In response to "This is not sinless perfection but another indication of the kind of personal transformation that is experienced by the person who has known the salvation of God. Salvation is not just talk but power. It is not merely intellectual notions but liberation that sets a person free to serve the Lord." - But what does this even mean? I agree that Scripture is true, and yet I can't understand how the passage cited, "We know that anyone born of God does not continue to sin; the one who was born of God keeps him safe, and the evil one cannot harm him" is even true. And, how are we even born of God anyways? Is that our "rebirth" that = our "adoption" that makes us "born of God"? 'Cause "the one who was born of God" was Jesus, begotten of the Father, and we were MADE, not begotten. Ugh.

What kind of personal transformation do we experience? Some of us are lucky enough to have experienced some degree of evidence of this in ourselves when we choose to accept Christ's salvation; some of us just accept it in faith and don't see the fruit of it for some time, beyond some kind of perhaps peaceful trust that we have made a good choice, and even this often wanes.

I know that Jesus keeps me safe, although "safe" often looks very different from what I would expect it to be. I know that Satan cannot *ultimately" harm me to the point of death, and yet he certainly wounds me deeply on an ongoing basis. And, although I acknowledge the infallibility of Scripture, I do not in my heart believe or understand how anyone (other than Jesus) who is born of God could stop continuing to sin, and the commentary in question only really says to me, "Embrace the mystery of the fact that this makes no sense." Which I'm willing to do, since God makes no sense, but in the end, I'm back to not really believing what Scripture says.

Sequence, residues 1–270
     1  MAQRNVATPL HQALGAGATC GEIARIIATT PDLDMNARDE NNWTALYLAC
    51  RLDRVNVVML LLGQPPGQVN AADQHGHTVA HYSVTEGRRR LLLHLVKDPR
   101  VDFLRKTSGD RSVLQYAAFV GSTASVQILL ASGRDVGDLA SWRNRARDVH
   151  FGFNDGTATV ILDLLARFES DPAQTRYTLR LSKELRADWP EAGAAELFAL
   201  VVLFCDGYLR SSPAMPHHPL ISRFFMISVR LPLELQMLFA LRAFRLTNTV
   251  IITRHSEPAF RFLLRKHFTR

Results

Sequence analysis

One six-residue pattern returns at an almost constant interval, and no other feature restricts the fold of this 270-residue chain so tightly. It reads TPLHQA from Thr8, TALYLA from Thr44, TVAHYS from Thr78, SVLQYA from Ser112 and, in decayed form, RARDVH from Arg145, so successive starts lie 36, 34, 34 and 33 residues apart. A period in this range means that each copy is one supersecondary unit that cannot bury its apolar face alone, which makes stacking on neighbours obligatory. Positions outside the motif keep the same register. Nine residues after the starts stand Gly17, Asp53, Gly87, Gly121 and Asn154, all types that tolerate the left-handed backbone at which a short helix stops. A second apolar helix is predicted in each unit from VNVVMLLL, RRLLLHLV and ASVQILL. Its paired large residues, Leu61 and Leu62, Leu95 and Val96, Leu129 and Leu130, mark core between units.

_____________________

You can reply to it here if you wish, or else I'll tell her to check back here. Or you can just not reply, since I'm the one stirring up the trouble :)

Kirk M. Wellum said...

Hi Julian. There are many good questions here and I will try to answer some of them.

First of all, the passage is true whether or not anyone understands it or has personally experienced what it is talking about. The rebirth that John is speaking about here and elsewhere in his writings is that power of God which brings people from unbelief to faith, from living for self to living for his glory, from autonomous independence to repentant dependence on God.

The "one who is born of God" in the passage is Jesus but that is not all that John says. When he says "we know that anyone born of God does not continue to sin..." he is obviously not refering to Jesus because Jesus never sinned. In the Bible Jesus is the unique Son of God, but wonder of wonders believers are also regarded as "sons" of God because by grace through faith they have come to share in the life of the Father and the Son. Elsewhere John says, "This is eternal life, that they may know you and Jesus Christ whom you have sent" (John 17:3).

In terms of what kind of personal transformation we experience as Christians the New Testament is full of examples. The book of Acts, for instance, tells us of the difference that Jesus made in people's lives. Peter went from being a coward to a bold witness. Paul went from being a persecutor to a man who suffered greatly in order that Jesus might be loved and worshiped. Add to this the change that overtook the 3000 on the day of Pentecost and the love and boldness that marked the early Christians, and the transformation that John speaks about becomes clear and tangible.

Beyond Acts, the letter of Paul to the Romans speaks of transformation all the way through and especially in chapters 12-16. 1 and 2 Corinthians, Galatians, Ephesians, Philippians and Colossians do likewise often following a typical Pauline pattern of doctrine first and then practical application of the doctrine to the life situations of the people.

More to the point I suppose since I was talking about 1 John is the letter itself. In it John talks about three main tests or evidences that we have experienced the grace of God. First, we must hold to the biblical presentation of Jesus; second, this in turn must produce in us Christian righteousness; and third that must be joined to deep and sincere love for the other members of God's family. In other words, there must be and there is personal transformation in at least these three major areas of our lives.